jazz@uucss is a collaboration between the UUCSS Music Committee and jazz scholar, Bertrand Uberall. Our vision is to create an affordable, listener-friendly performance venue for jazz in the DC area, create new audiences for outstanding young jazz musicians, and foster connections between UUCSS and the local jazz community.
We’ll be celebrating the music of Herbie Nichols on the centennial of his birth.
Dan Roberts on piano, Tom Baldwin on bass, Matvei Sigalov on violin, and Dave Sanders on guitar.
Dan Roberts is a pianist, arranger, and composer living in Washington, DC. He has performed with his own groups and as a sideman at many of the top jazz venues in the area, from Blues Alley to Bohemian Caverns to the Strathmore (where he was a mentor in the Artist in Residence Program) to the Kennedy Center, and he has shared the stage with nationally and internationally celebrated jazz artists such as Matt Wilson, Maria Schneider, Steve Wilson, Gary Smulyan, Ted Brown, Christian Howes, Warren Wolf, and Joel Frahm. His original compositions and arrangements have been premiered by such groups as the Bohemian Caverns Jazz Orchestra, the US Army Blues Jazz Ensemble, and the Pershing’s Own Contemporary Music Ensemble. He has recorded two albums: “Yoshimisongs,” featuring a jazz piano trio reinterpretation of the Flaming Lips record “Yoshimi Battles the Pink Robots,” and “Can’t Not,“ a rock-influenced collection of instrumental originals.
Herbie Nichols (born 1/3/19 in NYC) was a highly original piano stylist and composer who labored in the shadows during his life but developed a cult following after his death. In 1938, during late-night jams at Monroe’s Uptown House and Minton’s, he crossed paths with Dizzy Gillespie and Thelonious Monk. In 1939, Herbie began sending in music for copyright and was drafted into the Army. Four years later, he began writing for the Music Dial, including one of the first articles on Monk. In 1951, Herbie met pianist Mary Lou Williams, who recorded several of his compositions. He was “hired to play Dixieland and rhythm and blues gigs, with few opportunities to play in the “modern’ idiom. Herbie recorded as a leader for Blue Note in May of 1955 with drummer Art Blakey, and again in August and the following April with drummer Max Roach. Although these recordings received little notice at the time, they are now recognized for their importance by many generations of musicians. In 1956, Billie Holiday recorded his composition “Serenade” as “Lady Sings the Blues”’ with her own lyrics. Herbie recorded for Bethlehem in November 1957. In early 1960 he met trombonist Roswell Rudd, who would be his greatest champion. Herbie Nichols died of leukemia on April 12, 1963.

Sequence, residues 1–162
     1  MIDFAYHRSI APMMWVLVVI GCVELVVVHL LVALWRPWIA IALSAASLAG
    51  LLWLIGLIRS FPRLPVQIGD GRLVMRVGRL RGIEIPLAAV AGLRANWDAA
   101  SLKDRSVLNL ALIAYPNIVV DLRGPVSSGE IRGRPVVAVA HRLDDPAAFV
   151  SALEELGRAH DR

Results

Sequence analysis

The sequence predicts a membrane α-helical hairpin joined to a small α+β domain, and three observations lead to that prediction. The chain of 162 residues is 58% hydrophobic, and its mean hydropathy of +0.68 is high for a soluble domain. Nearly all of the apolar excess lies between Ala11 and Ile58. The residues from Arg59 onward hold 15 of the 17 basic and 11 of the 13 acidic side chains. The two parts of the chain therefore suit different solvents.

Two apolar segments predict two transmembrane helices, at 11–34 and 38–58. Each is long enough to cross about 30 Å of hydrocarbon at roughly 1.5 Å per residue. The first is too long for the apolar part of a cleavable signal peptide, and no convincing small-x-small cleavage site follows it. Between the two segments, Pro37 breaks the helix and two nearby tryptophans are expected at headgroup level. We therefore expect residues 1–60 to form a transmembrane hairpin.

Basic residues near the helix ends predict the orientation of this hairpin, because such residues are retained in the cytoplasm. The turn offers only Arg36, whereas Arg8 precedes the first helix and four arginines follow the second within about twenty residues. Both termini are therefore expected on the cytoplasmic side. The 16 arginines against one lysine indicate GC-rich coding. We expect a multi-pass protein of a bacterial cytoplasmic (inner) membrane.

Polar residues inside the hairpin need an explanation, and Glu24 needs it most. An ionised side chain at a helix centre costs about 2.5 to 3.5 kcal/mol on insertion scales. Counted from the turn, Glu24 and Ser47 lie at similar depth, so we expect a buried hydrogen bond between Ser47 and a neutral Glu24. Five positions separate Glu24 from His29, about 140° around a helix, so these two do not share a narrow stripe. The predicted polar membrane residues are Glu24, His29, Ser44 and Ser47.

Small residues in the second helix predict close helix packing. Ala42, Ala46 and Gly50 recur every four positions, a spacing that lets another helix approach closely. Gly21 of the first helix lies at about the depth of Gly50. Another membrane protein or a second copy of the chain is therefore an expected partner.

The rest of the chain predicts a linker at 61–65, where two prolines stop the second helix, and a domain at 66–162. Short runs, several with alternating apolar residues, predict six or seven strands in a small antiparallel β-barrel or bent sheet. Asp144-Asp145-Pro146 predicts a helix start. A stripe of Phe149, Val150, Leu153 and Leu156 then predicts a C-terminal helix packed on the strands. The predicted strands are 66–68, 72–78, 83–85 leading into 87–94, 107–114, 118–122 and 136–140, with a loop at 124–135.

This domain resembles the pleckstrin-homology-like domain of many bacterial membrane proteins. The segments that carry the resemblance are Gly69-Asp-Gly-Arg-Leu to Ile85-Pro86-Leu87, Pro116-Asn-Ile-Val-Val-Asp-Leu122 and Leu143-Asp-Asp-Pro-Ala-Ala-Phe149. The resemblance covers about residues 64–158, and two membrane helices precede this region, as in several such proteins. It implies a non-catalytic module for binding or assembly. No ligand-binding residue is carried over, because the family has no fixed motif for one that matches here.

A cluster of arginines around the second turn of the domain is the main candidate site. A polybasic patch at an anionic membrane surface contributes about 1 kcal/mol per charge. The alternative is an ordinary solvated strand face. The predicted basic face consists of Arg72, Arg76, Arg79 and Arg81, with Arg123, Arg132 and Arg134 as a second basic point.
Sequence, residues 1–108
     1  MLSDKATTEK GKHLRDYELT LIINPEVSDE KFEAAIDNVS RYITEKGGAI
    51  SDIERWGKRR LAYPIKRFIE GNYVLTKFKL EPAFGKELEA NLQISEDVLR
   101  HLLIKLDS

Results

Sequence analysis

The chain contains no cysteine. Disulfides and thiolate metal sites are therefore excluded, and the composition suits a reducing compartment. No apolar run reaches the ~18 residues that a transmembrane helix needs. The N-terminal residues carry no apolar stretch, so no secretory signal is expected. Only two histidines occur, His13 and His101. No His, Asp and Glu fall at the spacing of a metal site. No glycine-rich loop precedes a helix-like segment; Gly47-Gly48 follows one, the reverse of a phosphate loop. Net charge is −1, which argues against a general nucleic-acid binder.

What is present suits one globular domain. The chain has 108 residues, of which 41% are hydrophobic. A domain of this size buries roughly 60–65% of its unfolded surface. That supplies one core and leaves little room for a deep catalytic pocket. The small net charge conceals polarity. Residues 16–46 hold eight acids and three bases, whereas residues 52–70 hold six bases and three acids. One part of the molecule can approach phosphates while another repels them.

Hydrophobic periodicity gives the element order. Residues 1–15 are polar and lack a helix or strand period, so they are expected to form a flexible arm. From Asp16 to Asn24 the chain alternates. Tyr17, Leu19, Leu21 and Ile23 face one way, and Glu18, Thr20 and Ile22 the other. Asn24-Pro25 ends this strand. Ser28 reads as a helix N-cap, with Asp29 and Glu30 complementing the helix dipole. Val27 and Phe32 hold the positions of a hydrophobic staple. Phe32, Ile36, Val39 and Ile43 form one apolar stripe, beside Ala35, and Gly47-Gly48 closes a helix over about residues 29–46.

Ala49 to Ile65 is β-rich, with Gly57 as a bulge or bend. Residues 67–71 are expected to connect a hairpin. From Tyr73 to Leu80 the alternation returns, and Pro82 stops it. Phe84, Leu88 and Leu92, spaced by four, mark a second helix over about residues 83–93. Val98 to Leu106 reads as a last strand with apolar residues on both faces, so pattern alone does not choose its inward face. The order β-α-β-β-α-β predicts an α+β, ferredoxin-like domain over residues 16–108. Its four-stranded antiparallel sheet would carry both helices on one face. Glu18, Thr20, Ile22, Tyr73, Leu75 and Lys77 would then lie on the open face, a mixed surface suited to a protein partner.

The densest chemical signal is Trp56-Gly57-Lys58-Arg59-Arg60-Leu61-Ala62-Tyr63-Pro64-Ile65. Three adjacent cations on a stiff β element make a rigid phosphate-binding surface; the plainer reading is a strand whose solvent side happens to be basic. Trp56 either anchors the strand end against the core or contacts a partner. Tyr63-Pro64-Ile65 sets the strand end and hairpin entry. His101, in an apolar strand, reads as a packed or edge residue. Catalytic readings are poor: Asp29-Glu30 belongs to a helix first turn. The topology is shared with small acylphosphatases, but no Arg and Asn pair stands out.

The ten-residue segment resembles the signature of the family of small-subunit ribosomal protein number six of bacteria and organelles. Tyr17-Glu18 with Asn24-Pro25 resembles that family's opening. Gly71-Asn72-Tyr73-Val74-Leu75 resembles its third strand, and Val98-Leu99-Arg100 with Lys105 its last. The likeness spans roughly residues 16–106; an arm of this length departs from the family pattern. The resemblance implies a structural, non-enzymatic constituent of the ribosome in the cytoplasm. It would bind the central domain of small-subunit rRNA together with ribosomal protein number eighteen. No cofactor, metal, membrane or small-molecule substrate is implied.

Although Herbie Nichols received little notice in his lifetime, we are now aware of the incredible number of compositions he wrote and was never able to record, many of which he deposited at the Library of Congress. Through the efforts of Roswell Rudd, bassist Buell Neidlinger, and pianist Misha Mengelberg, as well as pianist Frank Kimbrough, bassist Ben Allison, and trumpeter Ron Horton of the Herbie Nichols project, his music is being kept alive and new generations of jazz enthusiasts are coming to realize just how innovative Herbie Nichols really was. There is still much music to explore!